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Meghe Dhaka Tara (1960)

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Meghe Dhaka Tara (Eng: The Cloud Capped Star) is a 1960 Bengali film written and directed by Ritwik Ghatak. The film is based on a Bengali novel by the same name by Shaktipada Rajguru. Meghe Dhaka Tara is the first from the Partition trilogy by Ghatak, the other two being Komal Gandhar (1961) and Subamarekha (1962)


  • Supriya Choudhury —————— Neeta
  • Anil Chatterjee ———————— Shankar (Elder Brother)
  • Niranjan Ray ————————— Sanat
  • Gita Ghatak —————————- Gita
  • Bijon Bhattacharya —————— Father
  • Gita Dey ——————————— Mother
  • Dwiju Bhawal ————————— Mantu
  • Gyanesh Mukherjee —————– Banshi
  • Ranen Ray Choudhury ————– Baul Singer


Although it is not explicitly shown, the film is based on the partition of India and how the refugees from then East Bengal (Pakistan) coped with it. Meghe Dhaka Tara is the story of Neeta, a beautiful and talented young girl from a middle-class family in East Bengal who has now been living in a refugee shanty on the outskirts of Calcutta. Her elder brother is unworldly and cares little in life other than music, so it comes to Neeta to bear the burden of supporting her family. Self-sacrificing and hard-working, she keeps working even when her own family members take her for granted and hardly recognize her contribution. Undeterred by the tragedies that struck her, losing her fiance, job, and then contracting dangerous Tuberculosis, she still wants to live …

Meghe Dhaka Tara

A scene from the film


Meghe Dhaka Tara happens to be the most acclaimed film of Ritwik Ghatak and not without reason. This rural drama can be considered a meditative take on poverty and family dysfunction in the middle of a refugee slum of Calcutta. Ghatak manages to boil the human and survival instincts to their most basic ruthless form. There is hardly any room for lofty ideals or sentimental altruism in the world he creates; mourn what one must, and do what one must do to survive. This film, realistic to the point of being almost cruel, treats ideas and sentiments as luxuries which, as the leftist Director believes, must be done away with. This treatment makes this film, one of Ghatak’s, and Indian Cinema’s, greatest tragedies.

Unlike Ray and Kurosawa, who have sometimes been criticized for looking at life from a Western point of view, Ghatak is less worried about frames and technicalities. To express on celluloid, the un-expressible, he instead decides to use Outdoor locations, unrealistic lights and shadows, and a peculiar form of editing, with violent jump cuts and clashing compositions. While the film is often called bleak and angry, there is a Sitar playing in the background trying to soothe the fraying nerves, and this is just one of the many extreme contradictions of the film which Ghatak keeps putting forth in a precise and deliberate manner. In the end, the audience becomes puppets in the hands of the master storyteller and he controls their emotions as if they were strings attached to his fingers.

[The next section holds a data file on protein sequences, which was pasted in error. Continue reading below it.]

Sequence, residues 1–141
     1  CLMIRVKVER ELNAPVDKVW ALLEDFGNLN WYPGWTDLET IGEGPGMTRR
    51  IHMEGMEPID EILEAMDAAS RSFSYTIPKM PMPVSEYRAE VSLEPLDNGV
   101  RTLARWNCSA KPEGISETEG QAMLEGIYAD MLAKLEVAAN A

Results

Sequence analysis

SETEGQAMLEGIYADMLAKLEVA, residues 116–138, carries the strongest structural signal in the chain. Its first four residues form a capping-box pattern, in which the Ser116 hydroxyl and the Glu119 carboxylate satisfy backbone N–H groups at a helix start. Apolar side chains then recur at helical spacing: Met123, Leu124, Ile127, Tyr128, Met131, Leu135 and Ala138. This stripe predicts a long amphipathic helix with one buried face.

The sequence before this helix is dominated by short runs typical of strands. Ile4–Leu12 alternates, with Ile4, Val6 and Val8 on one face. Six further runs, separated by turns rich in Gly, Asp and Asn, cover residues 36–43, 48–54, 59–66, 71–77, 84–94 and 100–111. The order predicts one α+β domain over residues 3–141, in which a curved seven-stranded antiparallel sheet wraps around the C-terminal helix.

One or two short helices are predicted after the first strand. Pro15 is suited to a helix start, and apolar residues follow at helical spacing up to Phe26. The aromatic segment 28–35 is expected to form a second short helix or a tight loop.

While Meghe Dhaka Tara is essentially a Director’s film, the cast manages to hold on to their own. Supriya Choudhury as young Neeta is particularly excellent and Niranjan Ray as Sanat is very impressive as well.

Awards and Recognition

  • Best Masterpiece Film, Pusan Film Festival (1999)


  • “Ritwik Ghatak’s new film ‘Meghe Dhaka Tara’…constitutes a glorious triumph for the rising group of young filmmakers who have been striving to rescue the cinema from the quagmire of escapist entertainment… His entire approach is realistic to a poetic degree and he shows exceptional imagination and warm sensitiveness in building up the climate situations which leave an inedible impression on the audience mind.” – Amrita Bazar Patrika, 22 April 1960
  • “As a film-maker, Ritwik Ghatak has his forte, he has his originality. If his style is to be categorized, well, it’s a new dimension of the Neo-Realist school. Countrymen have already experienced a bit of it in his previous films such as ‘Ajantrik’ and ‘Bari Theke Paliye’. ‘Meghe Dhaka Tara’ has an abundance and reached the pinnacle of it.” – Jugantor,22 April 1960.
  • “It is the cry of the dying girl in Meghe Dhaka Tara which echoes through the hills, our right to live… The breaking up of society is visualised as a three-way division of womanhood. The three principal woman characters embody the traditional aspects of feminine power. The heroine, Neeta, has the preserving and nurturing quality; her sister, Geeta, is the sensual woman; their mother represents the cruel aspect.” – Kumar Sahani
  • “By watching Ghatak’s Meghe Dhaka Tara, I derived that pleasure by which the mind gets mesmerized by the sad aspect of life and gets purified by the artistic communication’s receiving and protesting. Maybe that’s called the essence of tragedy by the pundits.” – Bishnu Dey
  • “Prometheus had to be punished as he learnt how to make fire. Memory let Neera know that being a woman, she wanted to transcend the prison of womanhood. She must be punished. To attack establishment means the counterattack from the establishment; Ritwik Ghatak and his heroine wanted to gift that example to history. This death is more living than life.” – Sanjay Mukhopadhyay

Meghe Dhaka Tara On YouTube

For Online Viewing

Derek Malcom on Ritwik Ghatak’s Meghe Dhaka Tara